Your #1 Coach Statement
The What for Whom Exercise
How to go from Good to Best to Only
The point of this exercise is to keep getting more and more specific about ideal coaching package and your ideal coaching client until you are the #1 coach in the world for that client.
The other name for this exercise is “Best Coach in the World.”
Marketers call this concept category design.
The idea of category design is to create a brand where you are not only the best option but actually the only option.
So, imagine the trainers at a gym. Some are better than others. Those good ones keep their clients longer, get referrals, and generally make more money than the less good trainers.
One of those trainers is the best in the gym. That best trainer can work as many sessions as they want — they always get the first pick of new clients. That’s a good position to be in.
But let us say this best trainer tells the gym owner they want a raise or they are going to leave the gym. The gym owner is going to say no because the next best trainer is basically just as good from the gym owner’s perspective. That’s the problem with being the best — you’re still replaceable. (There are a lot more problems than that too)
So, let’s say instead that one of the trainers is a former Cirque de Soleil performer and creates a class routine combining those Cirque performance techniques and yoga, Cirque de Yoga. The local news covers it, Oprah drops in to the class when she’s in town, and hundreds of people sign up for the class.
This teacher has created a situation where they are the ONLY teacher of Cirque de Yoga. Now they can call their own shots. They can raise their rates. They can threaten to take the class to a different gym or even rent their own class space.
How can you be perceived as great?
Everyone I’ve ever talked to has resisted specialization because they are afraid it is limiting.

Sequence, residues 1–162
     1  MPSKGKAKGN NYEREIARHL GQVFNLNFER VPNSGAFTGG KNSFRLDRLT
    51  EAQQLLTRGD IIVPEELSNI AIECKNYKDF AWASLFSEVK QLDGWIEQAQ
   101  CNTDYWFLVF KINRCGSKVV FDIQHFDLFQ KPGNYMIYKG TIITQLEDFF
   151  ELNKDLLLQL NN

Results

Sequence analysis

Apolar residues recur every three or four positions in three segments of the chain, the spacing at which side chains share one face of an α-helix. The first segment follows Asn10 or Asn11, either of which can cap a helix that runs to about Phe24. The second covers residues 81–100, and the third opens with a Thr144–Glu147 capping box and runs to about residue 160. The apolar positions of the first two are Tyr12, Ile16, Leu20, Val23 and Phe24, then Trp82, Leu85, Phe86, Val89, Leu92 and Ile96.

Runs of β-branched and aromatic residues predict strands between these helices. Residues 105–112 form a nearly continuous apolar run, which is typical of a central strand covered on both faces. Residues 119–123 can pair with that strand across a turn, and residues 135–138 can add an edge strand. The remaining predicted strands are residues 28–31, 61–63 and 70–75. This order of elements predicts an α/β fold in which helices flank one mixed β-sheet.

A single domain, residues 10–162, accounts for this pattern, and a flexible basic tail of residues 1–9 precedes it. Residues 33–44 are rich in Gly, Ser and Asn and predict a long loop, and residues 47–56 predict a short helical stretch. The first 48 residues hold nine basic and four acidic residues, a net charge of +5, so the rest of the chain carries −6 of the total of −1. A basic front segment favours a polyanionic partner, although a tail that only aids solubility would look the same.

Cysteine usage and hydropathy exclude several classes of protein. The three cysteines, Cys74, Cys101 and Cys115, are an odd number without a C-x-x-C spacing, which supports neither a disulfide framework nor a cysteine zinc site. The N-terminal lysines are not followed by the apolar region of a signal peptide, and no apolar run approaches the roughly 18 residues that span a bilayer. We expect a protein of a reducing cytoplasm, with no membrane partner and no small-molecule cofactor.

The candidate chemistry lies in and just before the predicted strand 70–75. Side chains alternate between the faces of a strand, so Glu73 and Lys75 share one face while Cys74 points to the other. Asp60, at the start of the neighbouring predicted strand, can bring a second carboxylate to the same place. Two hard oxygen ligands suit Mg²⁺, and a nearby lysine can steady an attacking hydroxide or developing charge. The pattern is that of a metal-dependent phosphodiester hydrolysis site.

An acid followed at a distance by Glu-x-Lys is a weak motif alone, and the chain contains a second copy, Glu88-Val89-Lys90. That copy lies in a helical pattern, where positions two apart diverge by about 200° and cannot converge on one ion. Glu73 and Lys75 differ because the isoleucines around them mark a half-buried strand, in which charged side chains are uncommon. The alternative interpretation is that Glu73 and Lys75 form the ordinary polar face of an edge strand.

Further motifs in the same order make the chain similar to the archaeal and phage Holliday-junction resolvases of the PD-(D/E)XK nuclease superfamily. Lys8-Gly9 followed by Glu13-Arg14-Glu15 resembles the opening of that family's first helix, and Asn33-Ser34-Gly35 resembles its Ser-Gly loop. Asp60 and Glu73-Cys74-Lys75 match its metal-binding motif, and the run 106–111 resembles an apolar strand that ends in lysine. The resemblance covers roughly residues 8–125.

And yet, specialization is a simple trick that can make you the best in the world, sometimes overnight.
The explanation for the power of specialization comes from Scott Adams, the cartoonist behind Dilbert. He explained his career as he is a little bit funny, but that he had no chance at being the funniest guy in the world. And he was a little bit artistic, but he had no chance at being a great artist. But he combined those two skills together and that was enough to be a great cartoonist (a little funny and a little artistic).
But what made him rich and famous was that he wrote a cartoon about a topic that nobody else was covering: the absurdity of office work. That’s category design. He kept specializing until he was best in the world at something. He’s the #1 comedic cartoonist covering how meaningless office work feels.
He is a specialist. He would not have succeeded if he tried to cover all topics or if he’d tried to do a funny cat to compete with Garfield or a troublemaking young boy to compete with Dennis the Menace. All that would have led to was competing with people who were already better than him. Instead, he narrowed his focus until he found something where he could be the clear #1.